Tattfoo Tan believes that Mother Nature has it all taken care of. Tattfoo Tan, is a Malaysian-born artist who resides in Staten Island. He developed The Nature Matching System “as a reminder to consume your [natural] daily recommended doses of color.” Tan wanted to understand the connection between the color of food and its nutritional value. Tan matched 88 natural colors using photographs of the fruits and vegetables found in the Union Square Green Market in New York and Photoshop’s eyedropper tool. Tan agrees “neon orange Cheetos is something spectacular to look at but the nutritional value is zilch.”

So what is the truth?

We know commercial food coloring is derived from coal tar oil, petroleum, and insects because it is cheaper to make; but, it comes with a price. The FDA is confident that all of the toxic proponents in the petroleum is eliminated during processing. They counter the accusations that dyed foods contain toxic chemicals from the petroleum, with: natural foods contain more petroleum from the fertilizer and the means of transporting crops than the amount of trace elements found in the actual dyes and preservatives.

We know that organic natural fruits and vegetables can be used to make an array of colorful dyes. The food industry refutes the idea of using natural dyes. They claim natural food dyes are too unstable, too muted and, uninteresting. They are convinced that no one will want to eat natural dyed foods. They believe that the public prefers the neon orange Cheetos to the pale peach natural Cheetos. The bright red strawberry Jello to a muted brown. Natural food companies such as India TreeSurf Sweets and Yummy Earth are determined to meet the need of color.

Who do we believe?

Voices from Dr. Feingold to Gwyneth Paltrow preach the benefits of a clean whole foods diet void of the unnecessary preservatives, artificial flavors, sweeteners and dyes. The FDA on the other hand in unison with countless doctors, scientists and organizations swear synthetic additives in food are not harmful. I decided to test the theory in my own home on our son who has Aspbegers.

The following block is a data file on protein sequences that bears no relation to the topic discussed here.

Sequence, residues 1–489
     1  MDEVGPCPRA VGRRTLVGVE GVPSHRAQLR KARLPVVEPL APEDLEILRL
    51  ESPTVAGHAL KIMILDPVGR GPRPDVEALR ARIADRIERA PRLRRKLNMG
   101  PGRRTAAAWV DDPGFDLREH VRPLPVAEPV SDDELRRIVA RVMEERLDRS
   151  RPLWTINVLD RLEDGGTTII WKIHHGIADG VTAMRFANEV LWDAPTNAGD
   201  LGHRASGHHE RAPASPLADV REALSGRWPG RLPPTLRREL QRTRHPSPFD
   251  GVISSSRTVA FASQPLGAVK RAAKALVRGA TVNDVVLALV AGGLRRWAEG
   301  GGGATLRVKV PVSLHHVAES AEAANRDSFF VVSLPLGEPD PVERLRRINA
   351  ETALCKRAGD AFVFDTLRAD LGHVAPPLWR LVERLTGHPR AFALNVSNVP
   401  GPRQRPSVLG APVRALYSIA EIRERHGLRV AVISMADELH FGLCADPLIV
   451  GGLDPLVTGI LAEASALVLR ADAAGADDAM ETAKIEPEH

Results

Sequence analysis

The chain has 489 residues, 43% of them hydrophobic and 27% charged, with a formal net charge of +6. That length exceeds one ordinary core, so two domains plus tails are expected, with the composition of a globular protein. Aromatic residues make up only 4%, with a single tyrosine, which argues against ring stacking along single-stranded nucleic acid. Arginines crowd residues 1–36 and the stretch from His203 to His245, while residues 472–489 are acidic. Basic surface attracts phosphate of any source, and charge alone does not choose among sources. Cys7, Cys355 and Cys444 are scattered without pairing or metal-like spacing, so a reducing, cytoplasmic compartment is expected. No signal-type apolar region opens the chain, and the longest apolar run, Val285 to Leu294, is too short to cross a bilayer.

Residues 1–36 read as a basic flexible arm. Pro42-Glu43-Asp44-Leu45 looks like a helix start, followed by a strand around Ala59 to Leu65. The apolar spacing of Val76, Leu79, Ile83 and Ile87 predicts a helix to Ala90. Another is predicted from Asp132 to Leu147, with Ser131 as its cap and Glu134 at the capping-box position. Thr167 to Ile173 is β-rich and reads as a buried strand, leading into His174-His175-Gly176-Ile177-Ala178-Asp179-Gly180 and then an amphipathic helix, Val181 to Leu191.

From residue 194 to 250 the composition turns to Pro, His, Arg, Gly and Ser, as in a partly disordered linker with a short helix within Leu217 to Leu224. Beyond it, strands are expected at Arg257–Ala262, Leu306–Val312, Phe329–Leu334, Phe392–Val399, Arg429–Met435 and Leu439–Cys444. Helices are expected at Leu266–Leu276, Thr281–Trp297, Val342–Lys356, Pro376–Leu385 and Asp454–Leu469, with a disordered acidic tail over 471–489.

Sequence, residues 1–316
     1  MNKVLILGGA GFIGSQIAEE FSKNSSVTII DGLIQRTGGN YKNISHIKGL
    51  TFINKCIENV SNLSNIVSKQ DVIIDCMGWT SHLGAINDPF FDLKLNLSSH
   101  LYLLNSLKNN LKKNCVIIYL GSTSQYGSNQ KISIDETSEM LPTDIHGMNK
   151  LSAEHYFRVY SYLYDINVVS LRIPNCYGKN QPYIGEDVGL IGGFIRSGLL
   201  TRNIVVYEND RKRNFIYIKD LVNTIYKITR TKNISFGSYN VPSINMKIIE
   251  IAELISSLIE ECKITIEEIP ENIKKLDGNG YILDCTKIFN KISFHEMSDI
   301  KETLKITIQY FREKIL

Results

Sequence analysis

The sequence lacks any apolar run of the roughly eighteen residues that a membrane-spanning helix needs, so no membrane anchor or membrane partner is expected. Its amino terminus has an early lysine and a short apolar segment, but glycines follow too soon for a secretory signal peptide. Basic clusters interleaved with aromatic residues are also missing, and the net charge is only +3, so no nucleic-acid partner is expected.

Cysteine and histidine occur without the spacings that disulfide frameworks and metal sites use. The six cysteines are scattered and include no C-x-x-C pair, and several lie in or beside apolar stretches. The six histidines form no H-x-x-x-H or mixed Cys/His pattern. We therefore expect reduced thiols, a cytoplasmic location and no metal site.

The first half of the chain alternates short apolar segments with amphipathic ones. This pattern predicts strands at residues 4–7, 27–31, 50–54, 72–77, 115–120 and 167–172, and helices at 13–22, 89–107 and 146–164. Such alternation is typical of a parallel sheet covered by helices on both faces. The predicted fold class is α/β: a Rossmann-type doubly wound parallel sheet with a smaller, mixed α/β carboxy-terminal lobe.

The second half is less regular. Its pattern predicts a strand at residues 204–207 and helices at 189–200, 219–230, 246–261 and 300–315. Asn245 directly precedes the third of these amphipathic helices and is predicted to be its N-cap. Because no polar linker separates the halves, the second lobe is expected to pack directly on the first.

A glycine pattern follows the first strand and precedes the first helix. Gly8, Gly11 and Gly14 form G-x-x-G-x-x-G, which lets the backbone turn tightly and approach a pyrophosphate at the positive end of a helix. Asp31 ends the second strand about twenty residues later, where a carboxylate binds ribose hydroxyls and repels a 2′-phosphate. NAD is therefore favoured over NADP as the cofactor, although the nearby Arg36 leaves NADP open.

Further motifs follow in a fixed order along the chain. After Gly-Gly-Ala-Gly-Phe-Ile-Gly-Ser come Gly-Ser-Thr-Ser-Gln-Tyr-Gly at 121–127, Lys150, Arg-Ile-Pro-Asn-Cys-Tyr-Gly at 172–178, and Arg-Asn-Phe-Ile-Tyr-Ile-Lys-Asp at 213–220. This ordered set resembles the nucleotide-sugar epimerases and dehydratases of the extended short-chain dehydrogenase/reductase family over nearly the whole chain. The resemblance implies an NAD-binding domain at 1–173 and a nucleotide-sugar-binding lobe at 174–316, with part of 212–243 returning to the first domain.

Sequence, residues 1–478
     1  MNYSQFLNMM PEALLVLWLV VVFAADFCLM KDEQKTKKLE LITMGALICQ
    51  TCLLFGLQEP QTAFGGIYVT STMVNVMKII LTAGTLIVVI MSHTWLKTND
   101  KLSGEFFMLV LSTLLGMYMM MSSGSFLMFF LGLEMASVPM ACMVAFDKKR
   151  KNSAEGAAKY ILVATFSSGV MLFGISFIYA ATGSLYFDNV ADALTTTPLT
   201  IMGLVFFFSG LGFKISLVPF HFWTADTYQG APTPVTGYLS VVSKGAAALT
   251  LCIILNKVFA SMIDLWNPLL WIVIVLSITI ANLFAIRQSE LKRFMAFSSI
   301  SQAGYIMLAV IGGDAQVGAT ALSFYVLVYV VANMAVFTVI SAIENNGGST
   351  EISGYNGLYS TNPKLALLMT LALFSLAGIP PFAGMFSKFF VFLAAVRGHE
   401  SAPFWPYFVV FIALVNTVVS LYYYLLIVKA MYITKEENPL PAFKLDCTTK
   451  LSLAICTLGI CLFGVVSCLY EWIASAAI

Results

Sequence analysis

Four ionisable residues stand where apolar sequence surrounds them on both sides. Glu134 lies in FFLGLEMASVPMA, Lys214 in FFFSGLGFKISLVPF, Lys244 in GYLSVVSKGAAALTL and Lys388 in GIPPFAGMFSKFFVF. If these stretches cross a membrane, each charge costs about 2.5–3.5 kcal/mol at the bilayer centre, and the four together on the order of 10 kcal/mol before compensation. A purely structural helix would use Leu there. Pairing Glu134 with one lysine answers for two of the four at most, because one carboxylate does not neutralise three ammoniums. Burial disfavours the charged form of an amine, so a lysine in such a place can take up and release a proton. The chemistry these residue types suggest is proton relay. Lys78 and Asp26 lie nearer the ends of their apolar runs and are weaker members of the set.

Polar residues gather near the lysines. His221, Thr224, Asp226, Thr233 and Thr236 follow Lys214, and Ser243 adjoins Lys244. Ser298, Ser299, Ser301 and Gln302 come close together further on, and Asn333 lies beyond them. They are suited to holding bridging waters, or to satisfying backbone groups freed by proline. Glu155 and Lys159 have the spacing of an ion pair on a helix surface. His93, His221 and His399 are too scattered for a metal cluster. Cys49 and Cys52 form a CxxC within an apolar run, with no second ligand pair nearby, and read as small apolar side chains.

The Test…

For one month we threw out all preservatives, artificial flavors and sweeteners, and dyes. It was very difficult at first because our city does not have a health food store and the kids are creatures of habits. They wanted their favorite foods.

Almost everything had to be made from scratch. Because companies are not required to list the ingredients in the products they use from outside sources I ordered the Feingold grocery list to help navigate the store isles when I needed something convient. Even though the label looks clean that is not always the case.

In one week I noticed a considerable change in my son. He could think more clearly. He was not bouncing off the walls in a rage. He was writing and reading without tantrums. The defiance leant way to a more agreeable attitude. He is happy and still full of life but the regular ticks are minimal.

The real test came on Easter Sunday. The kids ate a handful of jelly beans and for four days they were absolutely out of their minds. The defiance, screaming, and tantrums were back. The other children were moody, defiant and hyper.

I’d say from personal experience the answer for us is clear. Synthetic replacements in the form of preservatives [BHA (Butylated Hydroxyanisole), BHT (Burylated Hydroxytoluene), TBHQ (Tertiary Butylhydroquinone)], artificial flavors and sweeteners (aspartame and splenda), and dyes are indeed harmful and do cause adverse reactions; especially in individuals with predisposed allergies and learning disorders.

What now?

The next question is, will the FDA ever be responsible and require warning labels on products or warrant the elimination of such harmful chemicals? Nah, probably not. Or at least not in the near future. The pool of individuals sensitive to artificial flavors and colors is too small. If you call every one kid in 28 small. Fortunately there are reputable companies springing up to lead us into a colorful yet nutritious tomorrow.

Links:

–Visit Indie Candy and Natural Candy Store for natural baking supplies including food based dyes.
Eco Kids: for all natural craft supplies such as egg dye and playdough.
–Join the mission for Better School Food.
Spoonfed: Tips to help kids adopt a healthy diet comprised of fresh fruits, vegetables, whole grains and lean meats.
–Natural recipes for dyes: Rhythm of the Home, Natural Cookie Frosting, Natural Colored Rice Balls, Natural Easter Egg Dye, Darling Clementine, Homemade Playdough Dye, Natural Dyed Jello.